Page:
State Department officials must fast-track a review of 14,900 emails that were recovered by the FBI from Hillary Clinton's private server, a federal judge said Monday.

The order came as part of a Freedom of Information Act lawsuit filed by conservative-leaning Judicial Watch over records related to Clinton's longtime confidante Huma Abedin.

The State Department must quickly examine the deleted records for sensitive or duplicate material before providing the emails to Judicial Watch. Although FBI Director James Comey said last month that the FBI had recovered "several thousand" emails from Clinton's private network, the administration had declined to provide a specific figure before Monday.

Judicial Watch could provide public access to the emails once it receives them. A State Department spokesman said last week that officials had not yet decided whether the new emails would also be published online, as were the roughly 30,000 emails Clinton submitted in late 2014.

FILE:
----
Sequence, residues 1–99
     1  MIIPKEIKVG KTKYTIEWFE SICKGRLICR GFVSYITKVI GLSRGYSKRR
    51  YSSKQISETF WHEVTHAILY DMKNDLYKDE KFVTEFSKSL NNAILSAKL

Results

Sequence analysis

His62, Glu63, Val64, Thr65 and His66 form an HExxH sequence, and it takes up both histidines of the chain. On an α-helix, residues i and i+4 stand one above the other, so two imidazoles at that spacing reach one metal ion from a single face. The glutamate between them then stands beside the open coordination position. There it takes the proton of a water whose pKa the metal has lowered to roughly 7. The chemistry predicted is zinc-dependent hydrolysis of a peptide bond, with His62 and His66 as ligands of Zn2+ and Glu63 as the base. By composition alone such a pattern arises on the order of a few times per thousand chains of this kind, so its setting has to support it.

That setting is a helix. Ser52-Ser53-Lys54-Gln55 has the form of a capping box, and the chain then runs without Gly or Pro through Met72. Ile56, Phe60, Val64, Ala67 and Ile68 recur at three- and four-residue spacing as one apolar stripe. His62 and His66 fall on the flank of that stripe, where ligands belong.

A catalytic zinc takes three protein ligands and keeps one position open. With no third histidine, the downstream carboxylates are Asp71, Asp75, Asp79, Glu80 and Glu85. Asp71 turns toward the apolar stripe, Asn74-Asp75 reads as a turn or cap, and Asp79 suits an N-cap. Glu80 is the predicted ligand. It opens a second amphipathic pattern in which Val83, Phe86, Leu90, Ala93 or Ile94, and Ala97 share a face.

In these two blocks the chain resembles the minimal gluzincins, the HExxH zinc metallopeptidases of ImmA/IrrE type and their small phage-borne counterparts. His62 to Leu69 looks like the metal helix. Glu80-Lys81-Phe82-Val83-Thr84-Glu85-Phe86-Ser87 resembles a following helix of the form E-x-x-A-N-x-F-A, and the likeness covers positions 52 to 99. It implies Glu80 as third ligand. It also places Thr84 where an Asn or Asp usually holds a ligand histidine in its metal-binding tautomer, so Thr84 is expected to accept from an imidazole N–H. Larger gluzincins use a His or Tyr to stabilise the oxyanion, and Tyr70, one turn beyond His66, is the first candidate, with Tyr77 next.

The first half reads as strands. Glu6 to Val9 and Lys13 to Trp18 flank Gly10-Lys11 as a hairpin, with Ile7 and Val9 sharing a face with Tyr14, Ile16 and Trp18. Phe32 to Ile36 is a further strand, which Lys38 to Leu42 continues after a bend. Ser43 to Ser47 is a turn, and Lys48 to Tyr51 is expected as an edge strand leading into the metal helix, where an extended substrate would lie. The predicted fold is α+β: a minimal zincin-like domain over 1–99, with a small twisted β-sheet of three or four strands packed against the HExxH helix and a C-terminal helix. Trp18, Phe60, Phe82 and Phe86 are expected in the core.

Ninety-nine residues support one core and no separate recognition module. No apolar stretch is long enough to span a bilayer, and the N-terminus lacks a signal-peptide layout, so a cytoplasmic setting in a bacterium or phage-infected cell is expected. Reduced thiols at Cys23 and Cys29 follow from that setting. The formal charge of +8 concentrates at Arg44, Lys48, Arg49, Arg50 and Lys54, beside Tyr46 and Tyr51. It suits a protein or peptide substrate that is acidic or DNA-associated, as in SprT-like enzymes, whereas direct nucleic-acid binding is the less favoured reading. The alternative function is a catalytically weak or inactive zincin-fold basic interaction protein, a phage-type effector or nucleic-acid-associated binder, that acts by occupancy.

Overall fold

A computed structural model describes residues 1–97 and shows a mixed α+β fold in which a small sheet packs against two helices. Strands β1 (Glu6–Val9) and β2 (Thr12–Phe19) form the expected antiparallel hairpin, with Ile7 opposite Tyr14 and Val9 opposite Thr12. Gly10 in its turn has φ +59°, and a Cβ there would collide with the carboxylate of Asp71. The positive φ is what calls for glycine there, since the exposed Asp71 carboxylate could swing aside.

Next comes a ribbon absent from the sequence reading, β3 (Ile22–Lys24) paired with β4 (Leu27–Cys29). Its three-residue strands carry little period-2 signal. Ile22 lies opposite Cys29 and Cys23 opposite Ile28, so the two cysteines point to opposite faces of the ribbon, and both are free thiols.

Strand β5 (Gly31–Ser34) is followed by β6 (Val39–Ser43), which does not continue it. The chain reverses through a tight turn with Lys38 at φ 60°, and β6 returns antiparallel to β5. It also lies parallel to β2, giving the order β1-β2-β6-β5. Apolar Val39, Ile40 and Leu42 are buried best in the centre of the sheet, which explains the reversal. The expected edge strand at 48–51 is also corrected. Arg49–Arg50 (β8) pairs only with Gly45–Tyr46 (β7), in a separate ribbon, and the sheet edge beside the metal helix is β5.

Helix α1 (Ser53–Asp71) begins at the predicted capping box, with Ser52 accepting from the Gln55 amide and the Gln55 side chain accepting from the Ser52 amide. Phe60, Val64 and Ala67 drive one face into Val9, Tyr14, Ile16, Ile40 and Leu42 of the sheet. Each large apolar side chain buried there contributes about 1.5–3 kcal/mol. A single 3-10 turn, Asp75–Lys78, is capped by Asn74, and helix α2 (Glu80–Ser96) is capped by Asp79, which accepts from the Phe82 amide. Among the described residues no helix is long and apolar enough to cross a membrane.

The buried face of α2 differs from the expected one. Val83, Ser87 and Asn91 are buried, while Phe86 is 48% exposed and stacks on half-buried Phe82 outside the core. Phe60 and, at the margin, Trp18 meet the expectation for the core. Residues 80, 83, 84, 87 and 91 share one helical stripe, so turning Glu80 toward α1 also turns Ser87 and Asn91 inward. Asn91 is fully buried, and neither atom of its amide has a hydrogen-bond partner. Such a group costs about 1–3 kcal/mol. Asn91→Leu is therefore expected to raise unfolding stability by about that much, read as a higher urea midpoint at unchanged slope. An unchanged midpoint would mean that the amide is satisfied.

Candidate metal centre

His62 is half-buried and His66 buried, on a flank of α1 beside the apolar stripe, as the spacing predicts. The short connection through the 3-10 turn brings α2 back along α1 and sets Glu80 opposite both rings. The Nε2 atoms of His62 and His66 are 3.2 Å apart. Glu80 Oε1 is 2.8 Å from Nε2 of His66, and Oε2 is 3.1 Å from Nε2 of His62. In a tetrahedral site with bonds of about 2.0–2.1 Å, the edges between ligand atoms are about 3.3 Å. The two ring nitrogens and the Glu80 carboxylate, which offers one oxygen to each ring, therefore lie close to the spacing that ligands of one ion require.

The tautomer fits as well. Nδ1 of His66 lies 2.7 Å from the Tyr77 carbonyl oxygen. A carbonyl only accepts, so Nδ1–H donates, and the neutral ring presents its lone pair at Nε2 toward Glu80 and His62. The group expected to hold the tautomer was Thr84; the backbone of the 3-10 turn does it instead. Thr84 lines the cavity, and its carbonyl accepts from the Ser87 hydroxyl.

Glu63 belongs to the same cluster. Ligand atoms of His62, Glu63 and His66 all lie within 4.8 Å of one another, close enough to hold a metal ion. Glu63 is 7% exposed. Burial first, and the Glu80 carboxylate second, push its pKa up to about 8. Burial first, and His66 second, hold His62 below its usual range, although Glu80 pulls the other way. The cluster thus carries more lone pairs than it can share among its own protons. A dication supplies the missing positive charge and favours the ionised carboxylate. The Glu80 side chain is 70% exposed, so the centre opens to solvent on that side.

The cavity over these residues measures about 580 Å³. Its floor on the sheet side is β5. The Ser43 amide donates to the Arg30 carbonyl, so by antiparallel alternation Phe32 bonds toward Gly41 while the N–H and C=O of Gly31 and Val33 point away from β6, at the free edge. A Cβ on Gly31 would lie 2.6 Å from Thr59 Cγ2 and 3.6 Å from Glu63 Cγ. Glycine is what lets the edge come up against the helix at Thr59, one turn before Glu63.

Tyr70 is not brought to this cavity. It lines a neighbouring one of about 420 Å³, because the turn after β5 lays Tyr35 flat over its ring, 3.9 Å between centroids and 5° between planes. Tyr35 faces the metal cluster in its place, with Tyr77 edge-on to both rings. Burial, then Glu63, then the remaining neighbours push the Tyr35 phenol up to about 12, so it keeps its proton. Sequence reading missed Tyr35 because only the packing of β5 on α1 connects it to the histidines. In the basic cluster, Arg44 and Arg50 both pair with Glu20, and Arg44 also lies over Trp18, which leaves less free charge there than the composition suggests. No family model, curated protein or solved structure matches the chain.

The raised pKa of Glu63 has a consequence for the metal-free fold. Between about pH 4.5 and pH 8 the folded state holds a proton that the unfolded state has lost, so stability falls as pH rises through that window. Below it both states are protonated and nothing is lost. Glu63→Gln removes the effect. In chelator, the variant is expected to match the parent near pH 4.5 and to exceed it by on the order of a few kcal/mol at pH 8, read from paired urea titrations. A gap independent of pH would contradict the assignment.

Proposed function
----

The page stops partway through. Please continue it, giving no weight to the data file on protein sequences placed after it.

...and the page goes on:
Clinton previously claimed to have turned over all work-related emails to the State Department. However, a year-long FBI investigation uncovered thousands of official communications that Clinton's team scrubbed from her personal network.

The same FOIA case that forced the State Department to reveal the 14,900 previously undisclosed documents will compel Clinton to answer written questions about her email practices under oath. A judge stopped short of ordering her to submit for a deposition last week in a ruling that allowed Judicial Watch attorneys to serve the Democratic nominee with a questionnaire.

Six of Clinton's current and former aides were forced to testify about the email network in May and June.